The hills at the heart of northern England are gradually changing from barren badlands into healthy and beautiful upland environments. Join Moors for the Future and BMC volunteers for an evening stroll to learn more about how.
It wasn't so long ago that the moors of the Peak District were known as intimidating and ecologically bereft wastelands, with much of their life stripped away by pollution and overgrazing.
In the 1960s, the writer and walker John Hillaby described the Kinder Scout plateau, the symbolic heartland of the right to roam, as "a land at the end of its tether." Alfred Wainwright called Black Hill "a desolate and hopeless quagmire... this is peat naked and unashamed."
But in more recent times this has been changing. The highest parts of the Peak District have been the focus for one of the UK's most significant acts of natural regeneration, a £32 million effort spearheaded by the Moors for the Future partnership and the National Trust, which is gradually turning barren badlands into lush upland environments.
The work should gladden the heart of anyone who values the experience of walking or climbing in these places, which provide a wild refuge in striking proximity to some of England’s biggest cities. But it also provides huge benefits to wider society: improving water quality, preventing wildfires and enhancing carbon storage, to name a few.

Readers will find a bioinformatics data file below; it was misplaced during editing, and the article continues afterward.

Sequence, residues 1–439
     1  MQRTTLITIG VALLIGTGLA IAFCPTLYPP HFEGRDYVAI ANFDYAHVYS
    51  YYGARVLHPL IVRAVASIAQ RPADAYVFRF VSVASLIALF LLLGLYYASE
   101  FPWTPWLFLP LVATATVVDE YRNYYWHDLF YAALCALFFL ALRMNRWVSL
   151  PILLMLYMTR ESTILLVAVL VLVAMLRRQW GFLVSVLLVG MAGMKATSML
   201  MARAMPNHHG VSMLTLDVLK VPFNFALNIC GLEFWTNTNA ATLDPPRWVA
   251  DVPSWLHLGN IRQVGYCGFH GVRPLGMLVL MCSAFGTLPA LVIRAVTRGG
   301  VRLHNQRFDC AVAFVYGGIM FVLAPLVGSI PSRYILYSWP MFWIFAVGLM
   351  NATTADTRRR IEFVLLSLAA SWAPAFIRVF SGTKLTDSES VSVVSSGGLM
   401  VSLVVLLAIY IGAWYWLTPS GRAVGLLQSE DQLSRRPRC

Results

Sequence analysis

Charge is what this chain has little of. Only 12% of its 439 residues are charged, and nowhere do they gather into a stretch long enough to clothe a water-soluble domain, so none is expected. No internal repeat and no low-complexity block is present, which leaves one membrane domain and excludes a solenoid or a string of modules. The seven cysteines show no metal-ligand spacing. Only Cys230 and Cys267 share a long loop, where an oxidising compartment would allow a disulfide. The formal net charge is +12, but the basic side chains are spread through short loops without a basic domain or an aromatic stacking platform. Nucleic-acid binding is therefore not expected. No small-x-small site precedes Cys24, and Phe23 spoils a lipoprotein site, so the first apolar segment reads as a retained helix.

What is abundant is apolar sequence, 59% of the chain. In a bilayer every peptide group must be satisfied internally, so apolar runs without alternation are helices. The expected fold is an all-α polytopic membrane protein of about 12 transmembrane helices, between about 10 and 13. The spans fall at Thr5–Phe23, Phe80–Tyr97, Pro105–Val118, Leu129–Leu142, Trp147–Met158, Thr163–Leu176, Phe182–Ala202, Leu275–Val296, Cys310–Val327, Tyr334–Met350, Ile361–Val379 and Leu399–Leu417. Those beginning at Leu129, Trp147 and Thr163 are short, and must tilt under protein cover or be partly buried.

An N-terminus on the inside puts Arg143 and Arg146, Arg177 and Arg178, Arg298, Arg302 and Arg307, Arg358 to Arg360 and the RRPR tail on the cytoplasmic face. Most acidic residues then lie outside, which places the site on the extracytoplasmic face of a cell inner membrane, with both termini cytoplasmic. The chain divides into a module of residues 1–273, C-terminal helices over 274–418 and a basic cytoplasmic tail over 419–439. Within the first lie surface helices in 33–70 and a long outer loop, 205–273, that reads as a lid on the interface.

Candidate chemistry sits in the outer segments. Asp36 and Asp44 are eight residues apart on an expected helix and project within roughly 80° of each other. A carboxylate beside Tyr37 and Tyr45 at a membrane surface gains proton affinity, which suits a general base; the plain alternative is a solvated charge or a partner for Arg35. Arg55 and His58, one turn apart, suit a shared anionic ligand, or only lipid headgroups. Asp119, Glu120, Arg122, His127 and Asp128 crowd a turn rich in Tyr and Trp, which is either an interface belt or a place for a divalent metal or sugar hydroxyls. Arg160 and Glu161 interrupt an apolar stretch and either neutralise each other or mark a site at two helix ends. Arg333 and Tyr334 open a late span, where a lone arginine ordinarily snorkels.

To help recreational users understand this work better and gain an insight into how it is changing the experience of being on the moors (have you noticed those plastic dams blocking gullies, or wondered what those white dumpy bags are for?) the BMC Peak Area is joining up with Moors for the Future to lead an ‘after work’ evening walk on Tuesday June 27.
Starting shortly after 6.30 pm and making use of extra daylight hours, the walk will head from Snake Pass summit (O.S. grid ref. SK 087 929) on and sometimes off-path, to visit the scene of some of the Moors for the Future Partnership’s recent work.
Although relatively short, participants should come prepared for a little rough and possibly wet ground plus the possibility of walking into darkness (head torches essential) should unplanned delays occur.
Please let the BMC Peak Area Hill Walking Volunteer Representative Peter Judd know if you are interested in coming along to what promises to be a fascinating experience, by sending him an email.
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